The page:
The musician was also a member of rock bands Queens of the Stone Age and The Gutter Twins and collaborated with artists such as Nirvana’s Kurt Cobain.
A statement posted on Lanegan’s official Twitter account said he died at his home in Killarney, Ireland on Tuesday morning.
Describing him as a “beloved singer, songwriter, author, and musician”, it said he is “survived by his wife Shelley”.
It added: “No other information is available at this time.”
When bands was Mark Lanegan in?
Lanegan joined Screaming Trees in the 1980s and went on to produce eight studio albums until the group’s split in 2000.
As frontman of Screaming Trees, Lanegan produced some of the genre’s most psychedelic and experimental music.
Their commercial breakthrough came with the release of 1992’s Sweet Oblivion, which was buoyed by the popularity of grunge bedfellows such as Nirvana.
The album birthed their biggest single, the soaring Nearly Lost You.
When they disbanded in 2000 amid creative differences, Lanegan went on to establish himself as a varied and successful solo artist, working under numerous aliases and with artists including English multi-instrumentalist Duke Garwood and Isobel Campbell, Scottish cellist and sometime vocalist of indie pop band Belle & Sebastian.
He first appeared on Queens of the Stone Age’s Rated R album in 2000 and lent his voice and songwriting talent to several songs.
He later formed The Gutter Twins with Afghan Whigs vocalist Greg Dulli.
Lanegan also featured on the 1995 album Above by Mad Season.
When did he release his memoir?
Lanegan released his “no holds barred” memoir called Sing Backwards And Weep in 2020.
His chronicle of despair and addiction, grief and regret manages to be both gripping and repelling, such are the depths he sinks to.
A standout takeaway from his book on social media was his withering assessment of Liam Gallagher, the former Oasis star who, after a string of clashes during a joint 1996 US tour, Lanegan describes as a “bully”.
Lanegan, however, later extended an olive branch of sorts to Gallagher, who responded to the book’s claims on Twitter, calling Lanegan an “uptight junkie” and “another bull****ter trying to sell a book”.
Was Lanegan addicted to drugs?
Lanegan’s all-consuming heroin addiction turned him from a physically imposing, 6ft 2in underground rock star to a wafer-thin, homeless man with rotten teeth.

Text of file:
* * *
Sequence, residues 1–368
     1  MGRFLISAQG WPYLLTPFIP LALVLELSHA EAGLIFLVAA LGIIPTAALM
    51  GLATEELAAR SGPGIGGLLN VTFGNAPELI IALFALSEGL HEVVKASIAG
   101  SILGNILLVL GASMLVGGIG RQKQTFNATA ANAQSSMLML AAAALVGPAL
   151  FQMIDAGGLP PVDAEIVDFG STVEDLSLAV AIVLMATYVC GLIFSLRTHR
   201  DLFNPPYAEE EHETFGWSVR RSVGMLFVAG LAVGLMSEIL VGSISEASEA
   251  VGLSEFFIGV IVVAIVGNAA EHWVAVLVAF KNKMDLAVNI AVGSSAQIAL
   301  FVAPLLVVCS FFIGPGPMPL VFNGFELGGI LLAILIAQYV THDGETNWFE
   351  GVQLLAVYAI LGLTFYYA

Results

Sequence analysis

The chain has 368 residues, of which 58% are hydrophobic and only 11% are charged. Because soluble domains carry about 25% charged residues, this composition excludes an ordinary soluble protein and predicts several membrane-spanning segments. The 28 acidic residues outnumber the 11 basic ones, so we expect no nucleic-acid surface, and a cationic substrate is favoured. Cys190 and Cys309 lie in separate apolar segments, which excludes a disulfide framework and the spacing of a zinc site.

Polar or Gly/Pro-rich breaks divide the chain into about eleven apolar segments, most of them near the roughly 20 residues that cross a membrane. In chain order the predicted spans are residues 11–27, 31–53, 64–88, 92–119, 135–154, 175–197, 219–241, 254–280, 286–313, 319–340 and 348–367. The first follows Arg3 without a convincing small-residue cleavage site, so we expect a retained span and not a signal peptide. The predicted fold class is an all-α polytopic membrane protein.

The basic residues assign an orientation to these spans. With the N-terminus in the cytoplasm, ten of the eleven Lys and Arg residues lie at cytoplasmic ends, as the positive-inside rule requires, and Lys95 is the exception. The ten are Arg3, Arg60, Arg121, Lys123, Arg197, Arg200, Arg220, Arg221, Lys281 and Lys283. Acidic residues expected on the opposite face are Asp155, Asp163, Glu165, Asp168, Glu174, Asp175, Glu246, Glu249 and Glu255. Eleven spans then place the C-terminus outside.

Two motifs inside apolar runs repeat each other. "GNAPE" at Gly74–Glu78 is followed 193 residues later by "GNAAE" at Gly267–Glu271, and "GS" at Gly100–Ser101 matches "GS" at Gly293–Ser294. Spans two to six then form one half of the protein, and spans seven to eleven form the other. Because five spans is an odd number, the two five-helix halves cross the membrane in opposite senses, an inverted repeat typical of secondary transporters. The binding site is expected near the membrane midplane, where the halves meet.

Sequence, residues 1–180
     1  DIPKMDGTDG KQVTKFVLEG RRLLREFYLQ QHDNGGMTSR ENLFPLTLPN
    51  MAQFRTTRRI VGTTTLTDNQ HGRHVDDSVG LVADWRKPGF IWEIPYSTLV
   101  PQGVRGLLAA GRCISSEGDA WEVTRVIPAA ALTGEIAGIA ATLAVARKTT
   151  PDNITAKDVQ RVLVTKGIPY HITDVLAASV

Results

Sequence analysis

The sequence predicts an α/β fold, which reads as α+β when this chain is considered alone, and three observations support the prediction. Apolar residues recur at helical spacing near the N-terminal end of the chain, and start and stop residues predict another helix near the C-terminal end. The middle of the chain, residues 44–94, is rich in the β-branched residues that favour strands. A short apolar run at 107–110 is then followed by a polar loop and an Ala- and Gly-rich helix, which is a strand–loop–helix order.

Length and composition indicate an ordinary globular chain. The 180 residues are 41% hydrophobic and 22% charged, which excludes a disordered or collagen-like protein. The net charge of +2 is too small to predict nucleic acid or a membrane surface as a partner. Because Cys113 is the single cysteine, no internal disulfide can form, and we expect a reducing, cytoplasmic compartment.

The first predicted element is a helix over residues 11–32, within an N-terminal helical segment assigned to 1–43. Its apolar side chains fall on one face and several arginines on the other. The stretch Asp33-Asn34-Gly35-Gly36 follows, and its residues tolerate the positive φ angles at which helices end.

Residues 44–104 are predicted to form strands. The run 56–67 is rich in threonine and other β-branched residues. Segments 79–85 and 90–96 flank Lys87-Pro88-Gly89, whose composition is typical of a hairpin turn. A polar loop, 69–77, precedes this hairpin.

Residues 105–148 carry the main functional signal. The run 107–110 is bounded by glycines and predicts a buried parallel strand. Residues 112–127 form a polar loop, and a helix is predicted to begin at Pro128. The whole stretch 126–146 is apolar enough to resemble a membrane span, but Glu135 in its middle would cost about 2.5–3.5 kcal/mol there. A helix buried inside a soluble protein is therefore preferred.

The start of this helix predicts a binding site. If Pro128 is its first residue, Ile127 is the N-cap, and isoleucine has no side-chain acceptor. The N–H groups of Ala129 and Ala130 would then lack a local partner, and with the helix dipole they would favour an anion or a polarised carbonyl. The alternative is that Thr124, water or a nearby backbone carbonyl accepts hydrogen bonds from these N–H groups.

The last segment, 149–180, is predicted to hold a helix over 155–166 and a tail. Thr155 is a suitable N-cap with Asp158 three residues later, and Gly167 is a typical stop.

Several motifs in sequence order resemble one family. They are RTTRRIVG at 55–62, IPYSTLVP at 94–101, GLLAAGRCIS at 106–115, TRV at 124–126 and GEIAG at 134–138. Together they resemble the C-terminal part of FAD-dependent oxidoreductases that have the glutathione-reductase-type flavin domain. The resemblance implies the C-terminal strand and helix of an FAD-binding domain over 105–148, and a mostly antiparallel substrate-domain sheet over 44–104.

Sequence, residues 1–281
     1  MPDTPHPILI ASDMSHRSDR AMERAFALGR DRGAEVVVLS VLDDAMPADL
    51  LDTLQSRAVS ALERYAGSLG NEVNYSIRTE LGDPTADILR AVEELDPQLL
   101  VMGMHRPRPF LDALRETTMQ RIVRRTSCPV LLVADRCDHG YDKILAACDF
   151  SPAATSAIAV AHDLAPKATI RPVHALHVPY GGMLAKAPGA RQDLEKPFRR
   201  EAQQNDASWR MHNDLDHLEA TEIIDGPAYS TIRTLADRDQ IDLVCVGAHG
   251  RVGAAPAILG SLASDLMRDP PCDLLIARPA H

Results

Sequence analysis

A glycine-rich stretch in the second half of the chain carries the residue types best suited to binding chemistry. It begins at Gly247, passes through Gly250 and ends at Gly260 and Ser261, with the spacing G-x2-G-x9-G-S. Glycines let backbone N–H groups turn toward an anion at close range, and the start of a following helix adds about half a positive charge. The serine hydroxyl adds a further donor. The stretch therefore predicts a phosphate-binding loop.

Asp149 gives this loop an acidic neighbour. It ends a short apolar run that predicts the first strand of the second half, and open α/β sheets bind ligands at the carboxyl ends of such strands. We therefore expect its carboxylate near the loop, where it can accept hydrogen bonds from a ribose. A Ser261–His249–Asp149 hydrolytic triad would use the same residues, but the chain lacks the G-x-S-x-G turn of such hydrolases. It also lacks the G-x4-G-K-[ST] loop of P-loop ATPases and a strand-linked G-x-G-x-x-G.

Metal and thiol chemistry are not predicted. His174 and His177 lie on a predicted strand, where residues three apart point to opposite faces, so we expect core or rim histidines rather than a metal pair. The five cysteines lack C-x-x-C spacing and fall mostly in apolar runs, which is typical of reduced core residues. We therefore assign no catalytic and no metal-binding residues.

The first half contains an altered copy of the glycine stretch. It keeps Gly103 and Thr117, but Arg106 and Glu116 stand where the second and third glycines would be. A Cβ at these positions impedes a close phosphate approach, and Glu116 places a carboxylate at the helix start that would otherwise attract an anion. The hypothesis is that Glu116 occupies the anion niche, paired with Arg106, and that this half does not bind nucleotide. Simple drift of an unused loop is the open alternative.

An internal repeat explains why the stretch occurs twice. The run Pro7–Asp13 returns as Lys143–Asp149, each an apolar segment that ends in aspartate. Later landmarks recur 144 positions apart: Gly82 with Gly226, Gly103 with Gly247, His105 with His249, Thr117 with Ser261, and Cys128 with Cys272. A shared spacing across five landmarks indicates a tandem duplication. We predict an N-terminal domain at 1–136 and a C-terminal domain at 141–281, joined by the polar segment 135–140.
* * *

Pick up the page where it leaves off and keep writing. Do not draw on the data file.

Lanegan believes he was always destined for a life of addiction – “I came out of the box that way” he said in one interview.
He traded one evil for another, he added, saying: “For me, heroin was really a way to sort of transition from the alcoholism that was taking me apart. I was an alcoholic at age 12. And by the time I was 18 I caught a prison sentence because of my drinking.
“So I was a pretty severe alcoholic at a young age and it was really heroin – and I know this is not a PC, kosher thing to say and I’m certainly not promoting this as a way to stop alcoholism – but for me, it was a way that I stopped drinking.
“It shortly became its own problem and just as big a problem but in a different way.”
What was his relationship to Kurt Cobain?
The pair were close friends. In fact, Lanegan used to supply him with drugs, a source of searing regret. He also saw up close the corrosive effect of fame once Cobain became one of the world’s biggest stars.
Who has paid tribute to Lanegan?
Names from the world of music and entertainment have paid tribute to Lanegan including Lord of the Rings star Elijah Wood, who reacted to the news by writing on Twitter: “Aww man, Mark Lanegan.”
Charlatans singer Tim Burgess tweeted: “Oh no. Terrible news that Mark Lanegan has left us. Safe travels man – you’ll be missed.”
Badly Drawn Boy said he is “gutted” following the death of Lanegan, describing him as one of the “great singers of the last 30 years”.
Badly Drawn Boy paid tribute to Lanegan, writing: “Hearing about Mark Lanegan passing away has properly stopped me in my tracks. I’m absolutely gutted.
“Met him on a couple of occasions and I was nervous because I loved him so much.
“He was a perfect gentleman, really kind. One of the great singers of the last 30 years. So sad.”
Co-founder of rock bands Joy Division and New Order Peter Hook described Lanegan as a “lovely man” who led a “wild life” following his death at the age of 57.
Hook shared a black and white photo to Twitter and wrote: “Mark Lanegan was a lovely man. He led a wild life that some of us could only dream of.
“He leaves us with fantastic words and music! Thank god that through all of that he will live forever. RIP Mark. Sleep well. Love Hooky. X”
Comedian and actor Rob Delaney has paid tribute to Lanegan on Twitter, writing: “I love you Mark Lanegan. A colossal, spectacular body of work.”
As he shared a collection of Lanegan’s work he added “These are all him? How?”.
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